With mainstream games having apparently decided turn-based strategy is thoroughly beneath them (the boss of 2K even said as much the other week), it falls to smaller and indie studios to keep that founding flame of PC gaming alive.

Frozen Synapse is about as perfect an example as you could wish for of taking something terribly traditional and infusing it with thoroughly modern values and, as is only right, it appears to have been a huge success for it.

It’s turn-based squad combat in the vein of classics such as X-COM and Jagged Alliance, with the key difference being that it’s primarily geared towards two-man multiplayer. Each participant doles out orders to his small of squad of shotgunners, snipers, machinegunners and/or grenadiers, based on where he thinks the enemy is most likely to be.

Get it right, and you’re rewarded with a blissful real time pay-off in which your chaps gun down his chaps. Get it wrong and... well, your guys lurking uselessly by a bit of wall is the best you can hope for. The worst? That your opponent has out-guessed you, headed you off at the pass and shot all your blokes in the back.

It’s a flat-out thrilling game of cat and mouse, where the focus is not on knee-jerk gunplay but on carefully analysing the situation and making tactical predictions about how it’s likely to play out. For all its measured nature, it’s as adrenalised and nerve-wracking as any flat-out shooter. Turns and orders are synchronised online, and while you could just go away and wait until the other guy’s filed his, more likely you’ll sit there anxiously awaiting the result.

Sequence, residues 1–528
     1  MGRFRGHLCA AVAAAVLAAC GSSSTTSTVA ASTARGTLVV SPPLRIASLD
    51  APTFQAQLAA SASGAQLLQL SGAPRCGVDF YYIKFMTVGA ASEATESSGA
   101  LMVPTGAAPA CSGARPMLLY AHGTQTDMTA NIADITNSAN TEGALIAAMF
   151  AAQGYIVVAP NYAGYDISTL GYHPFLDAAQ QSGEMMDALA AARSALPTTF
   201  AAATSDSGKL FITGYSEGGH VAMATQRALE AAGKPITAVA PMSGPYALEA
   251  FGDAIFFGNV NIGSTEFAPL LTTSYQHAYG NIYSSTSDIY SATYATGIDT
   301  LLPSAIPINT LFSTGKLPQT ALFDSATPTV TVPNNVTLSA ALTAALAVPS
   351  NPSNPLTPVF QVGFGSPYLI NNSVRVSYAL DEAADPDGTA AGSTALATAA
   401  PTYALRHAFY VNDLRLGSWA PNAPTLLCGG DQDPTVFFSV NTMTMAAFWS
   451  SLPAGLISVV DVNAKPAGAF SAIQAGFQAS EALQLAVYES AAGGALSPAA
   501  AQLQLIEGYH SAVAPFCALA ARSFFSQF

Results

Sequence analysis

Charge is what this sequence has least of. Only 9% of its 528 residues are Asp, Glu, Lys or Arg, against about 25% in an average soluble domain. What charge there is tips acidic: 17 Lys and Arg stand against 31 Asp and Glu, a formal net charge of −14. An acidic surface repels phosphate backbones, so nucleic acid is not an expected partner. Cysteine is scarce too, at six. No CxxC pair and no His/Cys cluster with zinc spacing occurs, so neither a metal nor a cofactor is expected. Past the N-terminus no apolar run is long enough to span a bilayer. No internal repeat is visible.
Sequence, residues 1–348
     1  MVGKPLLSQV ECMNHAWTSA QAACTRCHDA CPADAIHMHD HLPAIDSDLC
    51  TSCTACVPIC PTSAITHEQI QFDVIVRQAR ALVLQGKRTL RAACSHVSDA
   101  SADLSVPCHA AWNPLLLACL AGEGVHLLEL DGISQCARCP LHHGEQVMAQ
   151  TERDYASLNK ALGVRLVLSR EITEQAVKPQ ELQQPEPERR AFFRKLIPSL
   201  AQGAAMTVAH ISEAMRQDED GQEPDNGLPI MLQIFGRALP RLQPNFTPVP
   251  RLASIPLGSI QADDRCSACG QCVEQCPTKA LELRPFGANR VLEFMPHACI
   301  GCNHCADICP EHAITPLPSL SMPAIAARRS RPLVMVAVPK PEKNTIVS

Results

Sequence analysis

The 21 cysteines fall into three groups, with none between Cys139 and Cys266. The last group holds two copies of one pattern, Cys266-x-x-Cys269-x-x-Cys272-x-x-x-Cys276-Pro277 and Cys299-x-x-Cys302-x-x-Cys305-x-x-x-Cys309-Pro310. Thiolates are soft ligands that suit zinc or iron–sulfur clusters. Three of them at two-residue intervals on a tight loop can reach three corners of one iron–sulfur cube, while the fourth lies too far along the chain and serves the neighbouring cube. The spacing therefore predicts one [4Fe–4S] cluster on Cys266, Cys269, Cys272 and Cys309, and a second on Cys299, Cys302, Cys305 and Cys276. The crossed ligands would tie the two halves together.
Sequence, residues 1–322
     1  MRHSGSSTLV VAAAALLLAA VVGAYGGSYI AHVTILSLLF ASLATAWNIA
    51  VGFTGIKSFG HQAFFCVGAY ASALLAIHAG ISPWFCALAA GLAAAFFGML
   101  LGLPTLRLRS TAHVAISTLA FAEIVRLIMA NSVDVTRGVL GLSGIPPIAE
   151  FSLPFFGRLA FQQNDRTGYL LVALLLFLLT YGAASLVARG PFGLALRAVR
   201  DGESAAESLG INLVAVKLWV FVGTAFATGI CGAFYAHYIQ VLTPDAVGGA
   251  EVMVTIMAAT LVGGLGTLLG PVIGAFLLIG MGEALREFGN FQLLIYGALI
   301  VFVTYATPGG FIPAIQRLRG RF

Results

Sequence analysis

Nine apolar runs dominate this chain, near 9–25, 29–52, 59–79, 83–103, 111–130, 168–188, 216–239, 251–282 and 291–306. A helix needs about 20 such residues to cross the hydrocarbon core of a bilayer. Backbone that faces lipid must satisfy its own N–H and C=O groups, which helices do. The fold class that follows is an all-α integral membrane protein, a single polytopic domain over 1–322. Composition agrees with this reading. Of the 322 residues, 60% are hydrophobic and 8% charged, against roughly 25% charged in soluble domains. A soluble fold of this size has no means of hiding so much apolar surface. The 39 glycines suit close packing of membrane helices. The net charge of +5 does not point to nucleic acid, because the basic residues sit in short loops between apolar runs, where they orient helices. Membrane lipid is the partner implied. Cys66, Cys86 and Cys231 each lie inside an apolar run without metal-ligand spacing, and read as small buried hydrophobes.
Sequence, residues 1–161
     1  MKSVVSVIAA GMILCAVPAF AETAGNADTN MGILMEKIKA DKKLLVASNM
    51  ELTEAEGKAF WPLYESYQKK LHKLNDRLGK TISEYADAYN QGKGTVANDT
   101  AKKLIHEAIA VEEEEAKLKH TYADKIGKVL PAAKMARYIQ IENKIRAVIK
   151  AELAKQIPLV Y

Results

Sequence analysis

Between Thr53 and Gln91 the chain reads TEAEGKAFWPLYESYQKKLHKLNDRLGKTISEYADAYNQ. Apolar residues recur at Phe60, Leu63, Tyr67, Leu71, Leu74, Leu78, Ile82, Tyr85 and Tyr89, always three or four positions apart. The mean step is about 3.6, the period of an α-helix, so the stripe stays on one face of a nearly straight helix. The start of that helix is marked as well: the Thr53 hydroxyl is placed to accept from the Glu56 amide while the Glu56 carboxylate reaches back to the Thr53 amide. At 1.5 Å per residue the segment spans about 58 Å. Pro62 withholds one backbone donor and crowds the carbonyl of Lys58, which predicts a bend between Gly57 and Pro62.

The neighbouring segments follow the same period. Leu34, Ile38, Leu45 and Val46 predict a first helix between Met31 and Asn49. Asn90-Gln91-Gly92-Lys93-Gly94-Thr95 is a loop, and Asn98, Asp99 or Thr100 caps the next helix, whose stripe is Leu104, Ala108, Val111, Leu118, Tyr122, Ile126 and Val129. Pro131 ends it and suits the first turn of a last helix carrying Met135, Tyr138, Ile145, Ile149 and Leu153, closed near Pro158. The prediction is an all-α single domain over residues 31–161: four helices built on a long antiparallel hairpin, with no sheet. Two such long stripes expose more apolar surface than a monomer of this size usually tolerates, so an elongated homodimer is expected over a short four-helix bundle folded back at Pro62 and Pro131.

A game could be over in five minutes or five weeks, but it’s when two players are at it more or less simultaneously that it’s at its most tense.

Despite all this, Frozen Synapse is a pretty cracking singleplayer game too. A series of semi-scripted missions document a saga of conspiracy and corruption in a cyberpunk world featuring clone bodies and self-aware AIs. At times it’s a bit overwrought, but it does a surprisingly decent job of adding context and purpose to a game that seems so resolutely competitive.

It’s also a chance to play with the game’s systems a little more, in a way that the randomly-generated level structures and unit types of multiplayer doesn’t. Puzzle levels, hostage retrievals, stealth incursions and the like all feature, forcing even dab-hands to think about the challenge before them in wildly changing ways.

Still, it’s a multiplayer game at heart, which is why you’re given a bonus copy with every purchase. Pass your spare to a friend and the game will make ten times as much sense as on your own, though of course you can wade into random matches whenever you fancy, thanks to a slick and non-intrusive invitation system.

To nitpick, the look of the game could stand more variety (cold blues can grow wearisome after a while) and there are elements of the interface that tend towards the fiddly, but the cleverness and deftness of the concept rises far above this. Not to mention that bonus goodies such as instantly uploading match replays to YouTube makes it a doddle to chest-thump about your finest hours.


One of the freshest takes on turn-based strategy in recent times, and remarkably manages to be almost as strong a singleplayer game as a multiplayer one.